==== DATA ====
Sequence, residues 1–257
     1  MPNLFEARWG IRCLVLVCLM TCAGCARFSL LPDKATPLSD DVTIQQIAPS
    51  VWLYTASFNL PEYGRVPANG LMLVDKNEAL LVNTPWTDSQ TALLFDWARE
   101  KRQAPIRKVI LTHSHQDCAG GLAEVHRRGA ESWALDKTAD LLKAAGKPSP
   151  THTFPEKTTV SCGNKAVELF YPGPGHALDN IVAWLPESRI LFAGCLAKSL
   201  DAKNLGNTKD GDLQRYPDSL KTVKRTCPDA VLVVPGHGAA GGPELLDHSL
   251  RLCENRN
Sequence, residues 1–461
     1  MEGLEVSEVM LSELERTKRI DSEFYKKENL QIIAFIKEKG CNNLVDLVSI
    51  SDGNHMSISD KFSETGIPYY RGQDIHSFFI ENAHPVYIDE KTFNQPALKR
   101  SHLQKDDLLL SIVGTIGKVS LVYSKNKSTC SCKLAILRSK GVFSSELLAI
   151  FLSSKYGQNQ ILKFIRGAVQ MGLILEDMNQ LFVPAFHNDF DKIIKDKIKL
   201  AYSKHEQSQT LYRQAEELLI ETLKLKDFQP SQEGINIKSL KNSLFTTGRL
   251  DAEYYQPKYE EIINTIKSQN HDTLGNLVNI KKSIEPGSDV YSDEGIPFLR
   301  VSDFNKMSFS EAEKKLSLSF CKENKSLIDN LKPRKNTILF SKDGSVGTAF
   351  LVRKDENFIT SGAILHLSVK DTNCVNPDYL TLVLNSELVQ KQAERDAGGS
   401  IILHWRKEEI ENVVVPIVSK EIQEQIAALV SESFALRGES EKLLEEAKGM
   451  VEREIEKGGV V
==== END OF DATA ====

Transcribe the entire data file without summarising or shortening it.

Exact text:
Sequence, residues 1–257
     1  MPNLFEARWG IRCLVLVCLM TCAGCARFSL LPDKATPLSD DVTIQQIAPS
    51  VWLYTASFNL PEYGRVPANG LMLVDKNEAL LVNTPWTDSQ TALLFDWARE
   101  KRQAPIRKVI LTHSHQDCAG GLAEVHRRGA ESWALDKTAD LLKAAGKPSP
   151  THTFPEKTTV SCGNKAVELF YPGPGHALDN IVAWLPESRI LFAGCLAKSL
   201  DAKNLGNTKD GDLQRYPDSL KTVKRTCPDA VLVVPGHGAA GGPELLDHSL
   251  RLCENRN
Sequence, residues 1–461
     1  MEGLEVSEVM LSELERTKRI DSEFYKKENL QIIAFIKEKG CNNLVDLVSI
    51  SDGNHMSISD KFSETGIPYY RGQDIHSFFI ENAHPVYIDE KTFNQPALKR
   101  SHLQKDDLLL SIVGTIGKVS LVYSKNKSTC SCKLAILRSK GVFSSELLAI
   151  FLSSKYGQNQ ILKFIRGAVQ MGLILEDMNQ LFVPAFHNDF DKIIKDKIKL
   201  AYSKHEQSQT LYRQAEELLI ETLKLKDFQP SQEGINIKSL KNSLFTTGRL
   251  DAEYYQPKYE EIINTIKSQN HDTLGNLVNI KKSIEPGSDV YSDEGIPFLR
   301  VSDFNKMSFS EAEKKLSLSF CKENKSLIDN LKPRKNTILF SKDGSVGTAF
   351  LVRKDENFIT SGAILHLSVK DTNCVNPDYL TLVLNSELVQ KQAERDAGGS
   401  IILHWRKEEI ENVVVPIVSK EIQEQIAALV SESFALRGES EKLLEEAKGM
   451  VEREIEKGGV V